Gas/Fuel/Service Station Land Use & Zoning for an EV World
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Reports and Research
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Frequency of Leaks
Oregon DEQ Annual Leak Report, 2021
Oregon DEQ reported 50 Underground Storage Tank releases between October 1st 2020 and September 30th 2021 in their annual report. For a sense of scale, 50 leaks means 2.8% of the 1,796 regulated Oregon Underground Storage Tank facilities leaked in one year. And many of the leaks in the DEQ database are not detected until the tank is decommissioned. Also, it is worth understanding from the Oregon DEQ annual report that even if the tank itself is working perfectly USTs can leak from their dispensers, piping, or have spills caused from delivery hardware.
Summary of State Programs and Data on Abandoned Underground Storage Tanks and Facilities, 2017
This report has a lot of data from a bunch of different states. Unfortunately, due to the use of averages, no information on cleanup requirements, and the wide range of dates covered no useful conclusions can really be drawn from the report. It is included for completeness primarily and as a reference to the variety of State laws that apply to USTs.
The total cost of gas station cleanup can be difficult to find. If the government has to step in the number of involved agencies and funding sources often complicate matters. However, we are trying our best to find examples.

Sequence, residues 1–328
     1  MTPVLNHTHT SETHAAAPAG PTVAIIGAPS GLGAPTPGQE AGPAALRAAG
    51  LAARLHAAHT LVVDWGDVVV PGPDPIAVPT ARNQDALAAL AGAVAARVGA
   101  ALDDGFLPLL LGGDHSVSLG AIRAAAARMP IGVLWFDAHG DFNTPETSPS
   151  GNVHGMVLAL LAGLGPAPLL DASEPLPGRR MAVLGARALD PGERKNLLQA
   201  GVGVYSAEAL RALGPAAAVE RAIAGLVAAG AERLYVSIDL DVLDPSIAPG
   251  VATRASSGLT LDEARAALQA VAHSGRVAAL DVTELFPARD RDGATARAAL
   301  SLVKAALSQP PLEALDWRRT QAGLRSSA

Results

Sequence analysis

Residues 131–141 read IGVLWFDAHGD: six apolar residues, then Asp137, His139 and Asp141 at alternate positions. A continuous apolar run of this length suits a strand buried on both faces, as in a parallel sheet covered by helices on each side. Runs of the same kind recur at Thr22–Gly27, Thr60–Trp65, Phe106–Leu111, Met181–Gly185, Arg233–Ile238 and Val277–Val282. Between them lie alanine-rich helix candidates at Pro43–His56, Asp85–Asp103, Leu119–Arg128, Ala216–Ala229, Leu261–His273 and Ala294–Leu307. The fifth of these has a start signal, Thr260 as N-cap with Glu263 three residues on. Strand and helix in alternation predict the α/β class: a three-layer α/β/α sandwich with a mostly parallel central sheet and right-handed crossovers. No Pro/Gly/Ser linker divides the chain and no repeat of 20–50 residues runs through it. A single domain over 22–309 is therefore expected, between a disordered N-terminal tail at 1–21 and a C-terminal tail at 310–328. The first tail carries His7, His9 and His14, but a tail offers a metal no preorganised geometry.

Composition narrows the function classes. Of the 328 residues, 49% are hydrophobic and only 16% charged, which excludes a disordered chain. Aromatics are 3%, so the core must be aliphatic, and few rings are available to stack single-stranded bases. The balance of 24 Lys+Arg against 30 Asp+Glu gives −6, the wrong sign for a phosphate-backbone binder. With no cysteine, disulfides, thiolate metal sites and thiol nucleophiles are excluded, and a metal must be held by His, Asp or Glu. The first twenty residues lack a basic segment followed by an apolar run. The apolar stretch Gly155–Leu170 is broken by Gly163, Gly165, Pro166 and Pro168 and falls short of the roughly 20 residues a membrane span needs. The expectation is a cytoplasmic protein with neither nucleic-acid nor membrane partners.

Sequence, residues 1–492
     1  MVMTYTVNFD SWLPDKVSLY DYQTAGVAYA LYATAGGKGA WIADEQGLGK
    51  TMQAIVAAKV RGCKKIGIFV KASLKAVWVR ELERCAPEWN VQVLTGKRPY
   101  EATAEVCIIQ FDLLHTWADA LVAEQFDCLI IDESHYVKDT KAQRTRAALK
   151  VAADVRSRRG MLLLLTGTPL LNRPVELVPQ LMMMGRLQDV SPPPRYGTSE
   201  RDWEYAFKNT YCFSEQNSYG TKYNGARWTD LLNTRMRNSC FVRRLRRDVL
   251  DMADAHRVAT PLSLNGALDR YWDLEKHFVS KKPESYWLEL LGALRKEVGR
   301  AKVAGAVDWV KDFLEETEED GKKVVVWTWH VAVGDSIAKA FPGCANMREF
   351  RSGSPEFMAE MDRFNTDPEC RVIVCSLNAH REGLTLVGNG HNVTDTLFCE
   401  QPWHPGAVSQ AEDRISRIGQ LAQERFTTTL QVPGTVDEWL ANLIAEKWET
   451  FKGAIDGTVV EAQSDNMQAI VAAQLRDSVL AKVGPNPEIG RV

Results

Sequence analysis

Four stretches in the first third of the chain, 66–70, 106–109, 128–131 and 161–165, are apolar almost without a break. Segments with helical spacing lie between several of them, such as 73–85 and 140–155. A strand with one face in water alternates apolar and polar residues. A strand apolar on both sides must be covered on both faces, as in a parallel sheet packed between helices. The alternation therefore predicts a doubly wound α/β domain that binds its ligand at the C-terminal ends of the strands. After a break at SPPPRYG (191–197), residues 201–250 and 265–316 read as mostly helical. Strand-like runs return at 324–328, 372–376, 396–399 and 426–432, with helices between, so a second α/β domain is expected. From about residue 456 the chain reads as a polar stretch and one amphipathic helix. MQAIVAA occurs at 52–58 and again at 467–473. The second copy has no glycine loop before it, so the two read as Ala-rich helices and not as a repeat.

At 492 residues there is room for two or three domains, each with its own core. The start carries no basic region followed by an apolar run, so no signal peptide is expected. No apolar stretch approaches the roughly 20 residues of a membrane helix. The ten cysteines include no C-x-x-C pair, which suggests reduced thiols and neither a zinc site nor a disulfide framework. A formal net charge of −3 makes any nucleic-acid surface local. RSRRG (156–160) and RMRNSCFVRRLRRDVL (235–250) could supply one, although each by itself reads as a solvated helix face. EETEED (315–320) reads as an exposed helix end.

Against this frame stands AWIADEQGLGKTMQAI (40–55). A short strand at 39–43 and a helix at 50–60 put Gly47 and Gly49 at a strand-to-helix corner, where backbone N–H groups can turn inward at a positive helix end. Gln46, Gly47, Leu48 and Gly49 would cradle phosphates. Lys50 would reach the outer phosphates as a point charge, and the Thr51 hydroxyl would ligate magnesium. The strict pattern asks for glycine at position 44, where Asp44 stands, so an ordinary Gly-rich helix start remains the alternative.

Senz Automotive Service, Yamhill Oregon
In November 2021 Brandon Philips made a public records request for Senz Automotive Service in Yamhill, Oregon. This site has a long and complex cleanup history with thousands of gallons of petroleum products lost which contaminated on-site soil, groundwater, and neighboring properties. So, far Oregon DEQ’s cleanup costs have been $514,466.53. However, the cleanup is not complete and the damage to adjacent property values due to contamination is difficult to calculate.
Drinking Water and Environmental Risks
Preventing Groundwater Contamination at Gas Stations – What Municipalities and Water Suppliers Can Do New Hampshire DES, 2020
This 2020 report outlines how municipalties can and should use land use code siting restrictions to protect public health and the environment from leaks from gas stations. The report begins:
Generations of automobile drivers have become accustomed to finding gas stations conveniently located along busy roads and highways, at intersections, and in village centers, to support our automobile-dependent lifestyles. As the environmental risks associated with gas stations – particularly the risk of gasoline leaked from underground storage tank (UST) systems – have become increasingly clear, vast improvements have been made in the design, construction and operation of UST systems. Unfortunately, federal and state regulators and UST system designers and installers have not succeeded in engineering all of the groundwater contamination risk out of these systems. A study by the U.S. Geological Survey, which randomly sampled 225 water supply wells in Rockingham County in 2003, detected the gasoline additive MtBE in 40% of public wells, and found a correlation between MtBE concentration and proximity to USTs.